State of the Art

Worker Reparing Telegraph Line? 1862 or 1863/
Worker Repairing Telegraph Line? 1862 or 1863. Library of Congress, Digital ID ppmsca 10408 //hdl.loc.gov/loc.pnp/ppmsca.10408 . The photo was taken by Andrew J. Russell of the US Army Military Railway Service. A higher resolution photo at http://www.loc.gov/item/2006676182/ seems to show the man attaching clips to the line. Was he hooking up a mobile telegraph?

We were switching a line from 7,200v to 14,400v when it happened.  After we gathered at the rendezvous point, a lineman energized the line. BOOM! A fuse blew down the road. Well, naturally we all turned toward the boom, trying to figure out where it was and what had gone wrong, and a two-man crew jumped in their truck and headed out. Not five minutes later, “We found it,” came over the radio. So here we all go toward the source of trouble.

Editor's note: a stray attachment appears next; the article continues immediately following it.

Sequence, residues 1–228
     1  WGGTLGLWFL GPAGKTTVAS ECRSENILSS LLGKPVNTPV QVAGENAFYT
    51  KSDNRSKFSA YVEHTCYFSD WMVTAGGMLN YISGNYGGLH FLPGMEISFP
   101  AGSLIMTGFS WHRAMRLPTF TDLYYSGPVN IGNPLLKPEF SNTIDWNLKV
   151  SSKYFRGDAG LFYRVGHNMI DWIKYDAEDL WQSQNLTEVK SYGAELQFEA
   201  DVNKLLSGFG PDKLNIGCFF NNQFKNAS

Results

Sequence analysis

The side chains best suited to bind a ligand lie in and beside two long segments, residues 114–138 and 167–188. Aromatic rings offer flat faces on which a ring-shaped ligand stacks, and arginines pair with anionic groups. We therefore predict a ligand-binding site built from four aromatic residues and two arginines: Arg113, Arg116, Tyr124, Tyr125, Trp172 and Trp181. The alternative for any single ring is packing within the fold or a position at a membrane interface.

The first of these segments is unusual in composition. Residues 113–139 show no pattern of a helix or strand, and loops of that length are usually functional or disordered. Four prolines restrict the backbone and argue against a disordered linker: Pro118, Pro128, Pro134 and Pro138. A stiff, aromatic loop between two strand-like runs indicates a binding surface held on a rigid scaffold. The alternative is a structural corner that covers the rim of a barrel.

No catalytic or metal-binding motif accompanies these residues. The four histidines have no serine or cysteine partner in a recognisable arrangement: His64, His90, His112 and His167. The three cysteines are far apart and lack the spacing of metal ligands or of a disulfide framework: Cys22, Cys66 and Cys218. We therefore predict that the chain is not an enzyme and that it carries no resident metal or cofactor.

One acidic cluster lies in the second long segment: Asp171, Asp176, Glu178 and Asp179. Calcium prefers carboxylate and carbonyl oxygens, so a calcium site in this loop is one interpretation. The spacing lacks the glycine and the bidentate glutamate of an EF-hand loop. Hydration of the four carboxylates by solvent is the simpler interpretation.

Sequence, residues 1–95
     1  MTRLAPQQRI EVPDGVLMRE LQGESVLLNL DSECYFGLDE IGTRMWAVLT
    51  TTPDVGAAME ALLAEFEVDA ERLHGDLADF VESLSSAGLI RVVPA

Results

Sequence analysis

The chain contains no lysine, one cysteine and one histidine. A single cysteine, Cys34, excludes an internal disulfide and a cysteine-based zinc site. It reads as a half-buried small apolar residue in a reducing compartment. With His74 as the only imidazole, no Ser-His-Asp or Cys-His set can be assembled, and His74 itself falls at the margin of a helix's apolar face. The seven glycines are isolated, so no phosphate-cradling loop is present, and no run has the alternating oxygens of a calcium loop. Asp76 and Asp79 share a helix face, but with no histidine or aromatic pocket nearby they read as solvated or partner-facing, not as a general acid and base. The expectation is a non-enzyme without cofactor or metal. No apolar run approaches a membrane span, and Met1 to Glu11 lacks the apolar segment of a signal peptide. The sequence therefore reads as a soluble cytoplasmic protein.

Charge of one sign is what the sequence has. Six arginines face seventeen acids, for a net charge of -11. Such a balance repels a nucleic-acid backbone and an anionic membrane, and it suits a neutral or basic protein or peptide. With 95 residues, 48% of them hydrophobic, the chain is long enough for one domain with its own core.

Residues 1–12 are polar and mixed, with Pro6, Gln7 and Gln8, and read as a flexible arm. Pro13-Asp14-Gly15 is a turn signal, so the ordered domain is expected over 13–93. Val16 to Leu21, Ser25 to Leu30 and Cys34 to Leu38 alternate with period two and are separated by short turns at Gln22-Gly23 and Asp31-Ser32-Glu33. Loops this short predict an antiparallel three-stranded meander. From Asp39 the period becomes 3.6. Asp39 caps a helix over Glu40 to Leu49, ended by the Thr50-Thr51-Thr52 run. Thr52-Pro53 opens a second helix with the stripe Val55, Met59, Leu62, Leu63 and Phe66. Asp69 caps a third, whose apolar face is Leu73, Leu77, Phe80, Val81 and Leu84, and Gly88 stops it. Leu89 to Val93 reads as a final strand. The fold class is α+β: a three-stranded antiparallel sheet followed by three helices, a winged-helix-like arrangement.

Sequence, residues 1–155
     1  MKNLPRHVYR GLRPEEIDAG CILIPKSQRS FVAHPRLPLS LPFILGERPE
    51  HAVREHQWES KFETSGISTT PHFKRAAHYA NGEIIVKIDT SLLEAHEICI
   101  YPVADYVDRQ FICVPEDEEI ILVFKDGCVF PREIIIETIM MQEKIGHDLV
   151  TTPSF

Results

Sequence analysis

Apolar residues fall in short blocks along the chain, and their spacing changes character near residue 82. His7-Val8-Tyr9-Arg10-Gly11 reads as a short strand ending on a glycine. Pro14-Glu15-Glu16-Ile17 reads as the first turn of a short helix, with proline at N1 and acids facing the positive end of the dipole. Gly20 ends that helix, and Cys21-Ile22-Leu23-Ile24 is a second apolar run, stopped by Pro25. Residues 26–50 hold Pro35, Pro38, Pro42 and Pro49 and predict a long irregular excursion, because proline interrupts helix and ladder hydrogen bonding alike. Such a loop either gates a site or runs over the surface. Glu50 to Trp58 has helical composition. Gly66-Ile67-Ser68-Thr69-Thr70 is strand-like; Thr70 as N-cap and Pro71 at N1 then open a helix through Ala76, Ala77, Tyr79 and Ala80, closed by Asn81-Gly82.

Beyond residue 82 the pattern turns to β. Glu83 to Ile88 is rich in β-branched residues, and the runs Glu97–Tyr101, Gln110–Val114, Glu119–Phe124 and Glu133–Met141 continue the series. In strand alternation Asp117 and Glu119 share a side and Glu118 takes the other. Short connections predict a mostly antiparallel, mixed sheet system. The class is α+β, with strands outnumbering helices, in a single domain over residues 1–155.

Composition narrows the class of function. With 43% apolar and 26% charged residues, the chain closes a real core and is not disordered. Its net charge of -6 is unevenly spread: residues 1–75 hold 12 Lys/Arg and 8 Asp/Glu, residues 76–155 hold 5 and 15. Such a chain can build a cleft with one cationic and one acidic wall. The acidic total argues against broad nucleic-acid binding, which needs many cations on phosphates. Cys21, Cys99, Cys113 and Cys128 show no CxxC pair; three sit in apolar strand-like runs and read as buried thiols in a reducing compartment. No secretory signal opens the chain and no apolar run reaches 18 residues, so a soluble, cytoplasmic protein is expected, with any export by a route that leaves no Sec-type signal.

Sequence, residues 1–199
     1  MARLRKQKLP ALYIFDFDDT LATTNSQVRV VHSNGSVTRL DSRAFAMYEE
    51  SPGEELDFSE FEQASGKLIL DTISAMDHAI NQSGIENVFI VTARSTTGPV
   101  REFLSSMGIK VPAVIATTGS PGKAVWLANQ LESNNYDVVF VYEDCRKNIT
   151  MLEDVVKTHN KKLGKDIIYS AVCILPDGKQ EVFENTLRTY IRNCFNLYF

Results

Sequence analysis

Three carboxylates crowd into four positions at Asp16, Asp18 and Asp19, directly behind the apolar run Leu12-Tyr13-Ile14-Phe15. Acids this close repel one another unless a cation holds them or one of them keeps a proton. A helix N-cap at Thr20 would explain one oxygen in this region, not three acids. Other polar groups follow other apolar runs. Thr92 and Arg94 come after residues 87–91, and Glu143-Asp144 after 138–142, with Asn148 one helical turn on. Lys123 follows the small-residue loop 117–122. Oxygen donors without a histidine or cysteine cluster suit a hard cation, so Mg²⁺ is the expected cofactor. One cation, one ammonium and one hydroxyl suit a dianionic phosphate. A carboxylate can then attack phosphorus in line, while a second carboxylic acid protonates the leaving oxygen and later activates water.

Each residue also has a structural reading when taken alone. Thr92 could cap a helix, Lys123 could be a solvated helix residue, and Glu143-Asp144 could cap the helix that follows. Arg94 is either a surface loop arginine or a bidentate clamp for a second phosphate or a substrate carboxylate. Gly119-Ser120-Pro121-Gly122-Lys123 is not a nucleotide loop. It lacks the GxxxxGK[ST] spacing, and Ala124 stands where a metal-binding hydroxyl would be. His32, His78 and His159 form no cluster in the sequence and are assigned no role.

Raising line voltage is a labor intensive thing. You make sure all the insulators are rated for the new voltage; you have to make sure the reclosers can handle the voltage as well. You replace all single voltage transformers with duel voltage.  All fuses are changed the day of the cut-over. Then you get every bucket truck and every lineman with climbing hooks and someone to drive them to switch the transformers from 7,200v primary to 14,400v primary, otherwise a customer could find their 240v service was now 480v. Not a good  thing. This couldn’t be done from the ground, so everyone was out changing transformer primary voltage and replacing the fuses while they were at it.

You also have to change out the lightning arresters, and that was the “gotcha” that day. A lightning arrester rated for the old voltage somehow wasn’t changed out. When the lineman energized the line, the lightning arrester operated, creating a fault that blew the fuse.